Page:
Commune CEO Sounds Off on Differentiating Brands

Niki Leondakis, CEO of Commune Hotels & Resorts, has four brands to juggle—residential-style Thompson Hotels; playful, personality-filled Joie de Vivre; eco-friendly, exotic Alila; and the company’s latest venture, micro lifestyle brand Tommie. At this year’s Hospitality Design Expo in Las Vegas, she broke down what makes each brand’s style stand out.

Thompson Hotels
“Thompson Hotels is an edgy, sophisticated, refined-cool brand that brings very active and locally relevant bars and nightlife to the guest experience, but it’s deigned in a way that is more residential in style. The interior guestrooms, lobbies, and public areas almost look like someone’s home. It’s a collection of pieces and furnishings that were collected over time, but they all have a certain point of view; most are coming from a midcentury modern point of view and very layered, but somewhat understated. I think of Thompson as a moody, nighttime brand—a little bit sexy, a little bit masculine.”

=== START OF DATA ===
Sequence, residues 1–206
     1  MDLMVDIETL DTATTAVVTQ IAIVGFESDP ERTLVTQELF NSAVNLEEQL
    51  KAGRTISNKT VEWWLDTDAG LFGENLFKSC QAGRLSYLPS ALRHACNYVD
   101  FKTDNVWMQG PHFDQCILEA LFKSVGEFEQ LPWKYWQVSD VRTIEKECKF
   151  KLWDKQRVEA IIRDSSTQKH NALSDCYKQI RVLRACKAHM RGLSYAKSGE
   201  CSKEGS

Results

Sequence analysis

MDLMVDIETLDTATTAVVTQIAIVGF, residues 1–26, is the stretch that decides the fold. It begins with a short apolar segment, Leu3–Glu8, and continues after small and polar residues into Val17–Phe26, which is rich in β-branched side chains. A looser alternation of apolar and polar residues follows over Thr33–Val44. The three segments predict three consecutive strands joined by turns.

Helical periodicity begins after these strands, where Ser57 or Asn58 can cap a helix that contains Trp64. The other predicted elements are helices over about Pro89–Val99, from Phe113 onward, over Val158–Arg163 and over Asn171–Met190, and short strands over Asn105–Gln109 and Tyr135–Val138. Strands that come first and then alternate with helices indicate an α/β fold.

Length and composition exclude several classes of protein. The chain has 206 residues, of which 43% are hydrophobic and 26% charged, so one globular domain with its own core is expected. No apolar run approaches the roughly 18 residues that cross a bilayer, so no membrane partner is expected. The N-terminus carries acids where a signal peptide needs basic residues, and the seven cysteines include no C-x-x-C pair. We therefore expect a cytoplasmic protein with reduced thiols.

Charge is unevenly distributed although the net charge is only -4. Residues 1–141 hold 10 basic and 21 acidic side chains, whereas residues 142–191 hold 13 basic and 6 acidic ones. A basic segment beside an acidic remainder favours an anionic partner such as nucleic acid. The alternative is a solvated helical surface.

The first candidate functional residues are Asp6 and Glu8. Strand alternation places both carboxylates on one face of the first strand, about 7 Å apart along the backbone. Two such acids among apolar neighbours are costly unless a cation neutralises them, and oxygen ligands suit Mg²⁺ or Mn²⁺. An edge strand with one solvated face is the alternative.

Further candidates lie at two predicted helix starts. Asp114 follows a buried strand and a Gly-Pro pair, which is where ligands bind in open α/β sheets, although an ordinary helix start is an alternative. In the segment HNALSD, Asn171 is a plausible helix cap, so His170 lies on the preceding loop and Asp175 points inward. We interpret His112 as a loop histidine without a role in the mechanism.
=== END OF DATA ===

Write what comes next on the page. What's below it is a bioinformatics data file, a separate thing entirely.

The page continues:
Joie de Vivre Hotels
“Joie de Vivre is very approachable. Each of the hotels is a brand of one. They are created individually, but the Joie de Vivre DNA is brought into each property through an attitude: It’s about bringing joy, happiness, and life into the guest experience. This is a lighthearted, fun, daytime brand. Each one is different. There isn’t any common design thread that runs through them.”


Alila Hotels & Resorts
“Alila is a Singapore-based, ultimate luxury resort brand. They’re very refined—the design is contemporary, but each feels indigenous to its place. The materials and style are consistent with the locale that it’s in. They’re very suited locally to the environment. They’re in these remote locations, and they’re all reflective of the place that they’re in, not just in the look and feel, but in the immersive, one-of-a-kind experiences that it offers its guests.”

“Tommie is our bun in the oven—we’ve been incubating Tommie for a few years now, and a lot of people like to refer to it as being for millennials, but we don’t like to say that. I don’t really believe it’s for millennials, but for the youthfully minded—a group of people who share an attitude around the notion of essentialism. It’s about the experience and the functionality—not about square footage in the guestroom or about 2,000-thread-count sheets. The experience is really programmed in the public spaces with things like listening lounges, libraries, and great restaurants and bars.”